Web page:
A kindly, if somewhat doddering, courtier (Bruce Young) maps out a pacifist, communal, utopian vision of how he’d run things “had I plantation of this isle.” Meanwhile, a different, rummier, vision of utopia animates a pair of clownish subalterns (Barzin Akhavan and Richard Ellmore), who conspire with Prospero’s slave, Caliban (Wayne T. Carr), to murder the wizard and wrest control of the island.
All these supporting performances are very strong, but Carr’s onstage density — daubed in green and naked but for a breech-clout — makes him the gravitational center of any scene he appears in. Even his slapstick is fueled by a seething resentment at his subjugation. He counters Prospero’s waspish epithets with great, sonorous pentameter curses of his own.
But he’s not the only show-stealer. To thwart the plotters and facilitate the lovers, Prospero turns to his sprite-in-chief, Ariel. In this production, the character is transgendered in the vastly talented person of Kate Hurster. She serially transforms herself into a typhoon, a dog pack, a theatrical impresario, a wedding planner and a harpy — all with a feline amalgam of playfulness and earnest ferocity, a house-cat with a distinctly feral undertone. Even her make-up is cat-like, with a frizz of red hair and a tiger stripe down the mid-line of her face to “frame her fearful symmetry.”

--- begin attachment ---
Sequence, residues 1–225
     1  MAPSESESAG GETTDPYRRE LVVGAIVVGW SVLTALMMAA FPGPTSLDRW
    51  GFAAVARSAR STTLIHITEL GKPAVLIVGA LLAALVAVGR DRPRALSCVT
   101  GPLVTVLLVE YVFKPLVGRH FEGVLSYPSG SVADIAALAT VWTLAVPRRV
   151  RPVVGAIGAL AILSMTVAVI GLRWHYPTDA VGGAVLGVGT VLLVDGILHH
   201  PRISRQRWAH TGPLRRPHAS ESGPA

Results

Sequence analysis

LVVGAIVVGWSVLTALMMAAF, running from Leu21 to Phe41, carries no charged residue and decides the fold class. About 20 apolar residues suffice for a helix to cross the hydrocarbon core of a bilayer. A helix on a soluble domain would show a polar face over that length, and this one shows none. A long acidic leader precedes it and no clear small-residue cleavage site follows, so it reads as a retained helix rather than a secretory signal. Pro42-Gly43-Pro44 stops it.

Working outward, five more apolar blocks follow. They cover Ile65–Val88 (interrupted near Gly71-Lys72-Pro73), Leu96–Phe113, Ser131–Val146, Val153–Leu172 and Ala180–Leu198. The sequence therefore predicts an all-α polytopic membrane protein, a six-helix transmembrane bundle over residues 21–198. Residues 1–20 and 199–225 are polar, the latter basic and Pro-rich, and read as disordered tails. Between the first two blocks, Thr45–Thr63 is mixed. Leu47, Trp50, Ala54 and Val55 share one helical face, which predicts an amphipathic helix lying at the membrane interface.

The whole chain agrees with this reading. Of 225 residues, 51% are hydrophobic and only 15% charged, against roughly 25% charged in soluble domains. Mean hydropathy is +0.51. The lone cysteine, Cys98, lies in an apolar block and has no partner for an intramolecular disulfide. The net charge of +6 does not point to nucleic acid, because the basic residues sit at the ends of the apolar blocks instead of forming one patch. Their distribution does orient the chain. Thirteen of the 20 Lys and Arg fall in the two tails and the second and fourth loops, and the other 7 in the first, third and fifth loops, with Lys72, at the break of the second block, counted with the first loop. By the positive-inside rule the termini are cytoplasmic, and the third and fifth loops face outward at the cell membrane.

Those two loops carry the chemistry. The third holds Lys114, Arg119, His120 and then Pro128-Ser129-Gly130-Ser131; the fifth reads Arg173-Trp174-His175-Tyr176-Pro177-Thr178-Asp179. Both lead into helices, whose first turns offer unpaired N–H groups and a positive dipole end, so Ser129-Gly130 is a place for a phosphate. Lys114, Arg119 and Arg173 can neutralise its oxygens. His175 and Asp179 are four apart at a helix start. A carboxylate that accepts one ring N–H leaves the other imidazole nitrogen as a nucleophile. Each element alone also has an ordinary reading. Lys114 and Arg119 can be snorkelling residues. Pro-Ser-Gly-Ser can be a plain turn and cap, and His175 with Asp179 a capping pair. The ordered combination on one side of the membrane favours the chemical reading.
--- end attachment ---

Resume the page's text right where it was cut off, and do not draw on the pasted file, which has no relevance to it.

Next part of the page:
Unlike most house-cats of my acquaintance, though, this Ariel is able to school her master in the finer points of empathy. After repeated rounds of shape-shifting bamboozlement, the sprite has left the three topmost royals paralyzed with fear and guilt and the rest of their party “brimfull of sorrow and dismay.” She reports back to Prospero that “if you now beheld them, your affections would become tender…mine would, sir, were I human.”
This at last shames him into letting “my nobler reason, ‘gainst my fury …take part.” He frees his enemies from his spells and gives up geekery for good: “this rough magic I here abjure,..I’ll break my staff …[and] drown my book.” Thus freed of his own autistic crust, at last he can meet the objects of his obsession face-to-face, amidst heart-warming speeches of reconciliation.
But, for me, the most affecting parts of the denouement was a non-verbal interaction that Taccone and his actors spliced into the text without any Shakespearean by-your-leave. Caliban appears before his master fully expecting to be “pinched to death,” but instead Prospero drapes him in his cast-off magician’s cloak and wordlessly hands over the island to him. It’s the first time the “man-monster” ever straightens out from his cringing crouch to stand eye-to-eye with the ex-wizard.
If this were a Hollywood scenario, that would lay the groundwork for guaranteed follow-on, “Tempest II.” But, since it’s repertory theater, we’ll have to play out the sequel in our own minds — no doubt better, anyway, and well worth the trip to Ashland to take in this thought-provoking production.
Lincoln Kaye is a forest fire lookout on Ironside Mountain in the Shasta-Trinity National Forest. He was a foreign correspondent in Asia for nearly 30 years before retiring to Trinity County.